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Port Talbot pays the price of ‘going green’

Port Talbot
By Robyn Evans
01 February 2024
Energy, Transport & Infrastructure
Energy networks
Green & Good (ESG and Impact)
Planning Communications and Consultation
net zero

It has been a harrowing few weeks for communities in South Wales since the news that Tata Steel will be pushing ahead with its plans to close the two coal-fired blast furnaces at its Port Talbot steelworks by the end of 2024. 

The Indian-owned firm says that it is restructuring the plant to cut its losses, and transition to a more sustainable, green steel business. It will now spend £1.25bn, including a £500m UK government grant, building a new electric arc furnace at the plant which will produce recycled steel from scrap.  

The plans could cut Wales’ carbon emissions by as much as a fifth, but going greener means going leaner, and the decision puts up to 3,000 jobs at risk. These job cuts account for 63% of the 4,000-strong workforce, whilst the Tata workers at Port Talbot make up 12% of the Welsh coastal town’s total population.  

It is a devastating blow to the people in this small town built on steelmaking. Dominating the skyline, the steelworks truly are the lifeblood of Port Talbot, and as well as directly impacting workers and their families, the decision puts a further 12,000 jobs at risk in the supply chain. The community will now fear that history is repeating itself. Having previously survived the decline in heavy industry in the 1980s, the steel industry looks to have now met its ultimate match – net zero.  

There’s no doubt that industries must continue to innovate and the environmental case for decarbonising the steel industry is clear. However, in doing so we must ensure that we do not damage the country’s ability to create long-term reliable growth that turns net zero measures into more sustainable, green jobs.  

The transition to a carbon neutral economy is so often talked about as a chance to fuel growth which will create new high-quality jobs. But when we speak of decarbonisation and new green jobs, any decisions that result in the loss of existing manufacturing jobs must be challenged. It has been known for years that jobs were at risk at the Port Talbot site and yet the workers still find themselves in this dire situation. Lessons need to be learnt about how we create the green skills needed to meet our climate targets, otherwise the race to net zero could all but decimate existing British industry.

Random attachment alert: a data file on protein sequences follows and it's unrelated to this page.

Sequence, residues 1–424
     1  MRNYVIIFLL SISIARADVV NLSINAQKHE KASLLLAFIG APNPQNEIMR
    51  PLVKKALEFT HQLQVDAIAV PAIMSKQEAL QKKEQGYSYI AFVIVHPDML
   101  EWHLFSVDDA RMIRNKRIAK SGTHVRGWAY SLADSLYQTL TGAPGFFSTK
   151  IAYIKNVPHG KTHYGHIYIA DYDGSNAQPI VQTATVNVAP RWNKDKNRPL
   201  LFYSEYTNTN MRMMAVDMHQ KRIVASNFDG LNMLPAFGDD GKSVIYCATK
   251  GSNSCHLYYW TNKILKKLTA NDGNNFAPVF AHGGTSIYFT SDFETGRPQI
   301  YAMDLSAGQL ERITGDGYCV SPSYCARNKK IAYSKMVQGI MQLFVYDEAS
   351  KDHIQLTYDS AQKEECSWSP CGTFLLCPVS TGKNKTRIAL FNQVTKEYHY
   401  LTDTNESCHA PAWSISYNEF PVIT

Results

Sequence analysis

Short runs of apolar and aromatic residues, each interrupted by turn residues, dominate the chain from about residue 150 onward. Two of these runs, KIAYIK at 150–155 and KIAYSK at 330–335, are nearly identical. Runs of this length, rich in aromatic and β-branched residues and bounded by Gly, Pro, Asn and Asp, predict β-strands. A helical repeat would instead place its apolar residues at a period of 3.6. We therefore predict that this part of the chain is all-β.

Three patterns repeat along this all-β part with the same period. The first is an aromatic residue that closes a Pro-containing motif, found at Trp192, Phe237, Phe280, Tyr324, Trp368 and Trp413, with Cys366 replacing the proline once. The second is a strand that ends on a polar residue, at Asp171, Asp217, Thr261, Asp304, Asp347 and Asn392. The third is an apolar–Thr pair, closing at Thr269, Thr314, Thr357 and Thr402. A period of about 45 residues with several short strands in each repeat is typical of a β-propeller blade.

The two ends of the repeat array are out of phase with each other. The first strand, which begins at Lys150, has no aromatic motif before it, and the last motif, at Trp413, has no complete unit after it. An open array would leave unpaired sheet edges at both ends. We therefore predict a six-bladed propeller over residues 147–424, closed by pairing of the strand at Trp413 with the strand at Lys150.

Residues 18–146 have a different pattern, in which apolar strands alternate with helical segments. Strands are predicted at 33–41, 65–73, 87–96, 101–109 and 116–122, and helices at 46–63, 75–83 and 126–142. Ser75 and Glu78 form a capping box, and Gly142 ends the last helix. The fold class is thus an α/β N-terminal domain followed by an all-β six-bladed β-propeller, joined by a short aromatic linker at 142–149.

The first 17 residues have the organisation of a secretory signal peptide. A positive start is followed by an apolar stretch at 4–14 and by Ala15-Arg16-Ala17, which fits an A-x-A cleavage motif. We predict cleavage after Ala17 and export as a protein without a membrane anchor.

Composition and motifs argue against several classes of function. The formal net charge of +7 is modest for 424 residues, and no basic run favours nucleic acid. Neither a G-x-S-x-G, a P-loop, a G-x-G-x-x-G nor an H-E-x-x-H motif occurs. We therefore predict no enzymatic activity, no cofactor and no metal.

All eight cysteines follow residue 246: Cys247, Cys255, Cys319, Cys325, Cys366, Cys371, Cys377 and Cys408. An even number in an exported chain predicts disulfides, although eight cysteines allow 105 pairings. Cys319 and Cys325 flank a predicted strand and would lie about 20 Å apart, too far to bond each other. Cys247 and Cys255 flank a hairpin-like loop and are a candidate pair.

Indeed, decarbonisation of industry and the growth of new sustainable sectors cannot be seen in isolation. Tata’s decision will leave Britain as the only G20 economy unable to make its own virgin steel and it will be a step into the unknown for Britain’s steel industry. This could hamper the country’s wider net zero ambitions, begging the question of how Britain will be able to bolster its renewable energy sector without access to virgin steel.  

The Port Talbot debacle shows how failing to prepare for a just and fair transition to a low carbon economy could have devastating consequences for workers, communities, and industry at large. We need to be building public confidence that the green transition is something that will benefit both current and future generations. Ultimately, without the necessary investment, collaboration and cooperation between government and business, the green transition could become a burden for workers, rather than a positive move to a more prosperous, greener future.